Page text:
Oklahoma State University research concludes that tax incentives have had no effect on Oklahoma drilling activity.

Oklahoma State University research concludes that tax incentives have had no effect on Oklahoma drilling activity.

“In this paper, we build on this existing literature by examining whether Oklahoma’s severance tax reduction has led to disparate effects for horizontal versus conventional drilling as compared with its neighboring states. These states, particularly Texas, share a similar oil and gas resource potential, which we will use in this paper in order to isolate the effect of the tax policy on development from differences in development due to resource disparities. Our findings suggest that the Oklahoma tax exemption has not increased horizontal drilling activity.” ~excerpt from the study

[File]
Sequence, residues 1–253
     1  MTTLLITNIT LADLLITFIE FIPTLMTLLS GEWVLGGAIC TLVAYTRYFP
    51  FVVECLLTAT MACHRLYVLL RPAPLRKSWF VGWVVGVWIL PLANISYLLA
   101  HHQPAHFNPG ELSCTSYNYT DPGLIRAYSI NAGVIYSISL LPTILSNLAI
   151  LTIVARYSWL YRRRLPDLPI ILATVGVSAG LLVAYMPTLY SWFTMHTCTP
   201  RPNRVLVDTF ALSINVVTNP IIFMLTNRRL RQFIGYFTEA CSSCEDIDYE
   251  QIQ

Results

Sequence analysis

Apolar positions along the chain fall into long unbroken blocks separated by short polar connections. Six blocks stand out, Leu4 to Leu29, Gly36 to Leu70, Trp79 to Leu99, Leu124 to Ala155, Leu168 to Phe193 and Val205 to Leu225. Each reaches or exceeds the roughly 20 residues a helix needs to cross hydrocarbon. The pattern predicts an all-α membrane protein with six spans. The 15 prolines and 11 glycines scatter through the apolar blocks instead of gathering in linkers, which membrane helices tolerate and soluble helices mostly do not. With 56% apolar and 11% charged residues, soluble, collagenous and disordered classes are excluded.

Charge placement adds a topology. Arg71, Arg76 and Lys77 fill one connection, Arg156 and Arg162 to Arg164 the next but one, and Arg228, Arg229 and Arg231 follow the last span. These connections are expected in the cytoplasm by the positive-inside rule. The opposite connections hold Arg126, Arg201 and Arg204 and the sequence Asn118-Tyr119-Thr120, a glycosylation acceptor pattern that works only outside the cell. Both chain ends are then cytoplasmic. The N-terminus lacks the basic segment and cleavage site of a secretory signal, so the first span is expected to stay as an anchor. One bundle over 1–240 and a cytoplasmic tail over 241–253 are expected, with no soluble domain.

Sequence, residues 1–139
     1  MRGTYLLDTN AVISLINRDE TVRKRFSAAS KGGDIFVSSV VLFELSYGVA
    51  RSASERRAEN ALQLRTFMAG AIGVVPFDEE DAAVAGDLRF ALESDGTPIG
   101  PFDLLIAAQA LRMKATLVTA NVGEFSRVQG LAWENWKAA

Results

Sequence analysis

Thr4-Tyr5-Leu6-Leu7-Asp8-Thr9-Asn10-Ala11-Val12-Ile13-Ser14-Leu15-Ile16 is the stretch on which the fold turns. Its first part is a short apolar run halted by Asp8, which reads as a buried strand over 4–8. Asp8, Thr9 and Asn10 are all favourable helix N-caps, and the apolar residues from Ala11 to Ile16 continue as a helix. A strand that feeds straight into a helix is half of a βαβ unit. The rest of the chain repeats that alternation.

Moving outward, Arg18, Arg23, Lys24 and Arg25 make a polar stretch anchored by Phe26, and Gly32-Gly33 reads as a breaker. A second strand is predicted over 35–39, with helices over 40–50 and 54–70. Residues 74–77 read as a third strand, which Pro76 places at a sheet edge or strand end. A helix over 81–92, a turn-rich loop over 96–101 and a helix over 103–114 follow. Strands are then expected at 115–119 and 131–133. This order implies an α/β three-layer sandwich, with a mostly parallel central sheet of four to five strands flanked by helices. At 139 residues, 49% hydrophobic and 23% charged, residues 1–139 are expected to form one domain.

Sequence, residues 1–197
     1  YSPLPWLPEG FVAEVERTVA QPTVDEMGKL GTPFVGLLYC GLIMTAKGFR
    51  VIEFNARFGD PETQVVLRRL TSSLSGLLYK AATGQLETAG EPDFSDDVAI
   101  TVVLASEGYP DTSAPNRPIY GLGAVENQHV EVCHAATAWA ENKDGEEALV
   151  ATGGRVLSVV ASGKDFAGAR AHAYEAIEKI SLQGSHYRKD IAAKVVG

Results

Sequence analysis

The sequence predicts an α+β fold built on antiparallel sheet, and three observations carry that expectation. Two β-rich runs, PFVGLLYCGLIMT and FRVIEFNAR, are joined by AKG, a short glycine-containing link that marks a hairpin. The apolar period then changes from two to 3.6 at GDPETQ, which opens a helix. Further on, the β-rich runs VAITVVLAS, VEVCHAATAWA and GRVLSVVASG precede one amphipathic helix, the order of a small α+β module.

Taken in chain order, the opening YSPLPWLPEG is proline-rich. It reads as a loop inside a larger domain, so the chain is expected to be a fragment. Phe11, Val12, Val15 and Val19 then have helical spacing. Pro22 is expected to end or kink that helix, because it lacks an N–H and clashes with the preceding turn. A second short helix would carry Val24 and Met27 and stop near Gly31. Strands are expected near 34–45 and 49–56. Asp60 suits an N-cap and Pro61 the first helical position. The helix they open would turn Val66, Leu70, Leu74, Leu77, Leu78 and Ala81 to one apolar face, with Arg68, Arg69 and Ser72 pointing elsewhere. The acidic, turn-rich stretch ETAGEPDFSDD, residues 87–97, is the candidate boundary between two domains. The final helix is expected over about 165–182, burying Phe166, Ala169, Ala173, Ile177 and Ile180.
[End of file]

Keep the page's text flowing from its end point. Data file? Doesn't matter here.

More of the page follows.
Read the entire study here. http://bit.ly/2ErwujI

OEPA in Kingfisher

Here are a few of the decline curves plus the bottom hole pressure survey that shows the actual hit in real time.  The well with the pressure survey (Wakeman) actually got “bumped” (our term) from a November, 2015 frac that caused a loss in oil production (30 BOPM to 5 BOPM) (See decline curve), then “hit” in May, 2016 which killed it.  It has partially recovered.

The King-Vieth well was just hit again by another frac, so May oil and gas will be down and water up.

The Perdue 17-2 has seen an increase in production due to the hit.  But, as noted, the expenses have skyrocketed due to the frac hit (We had frac sand in the pump the last time it was pulled).

Steve Altman – Kingfisher County


Below are links to documents of the decline curve and the other evidence of loss of production because of horizontal frac jobs: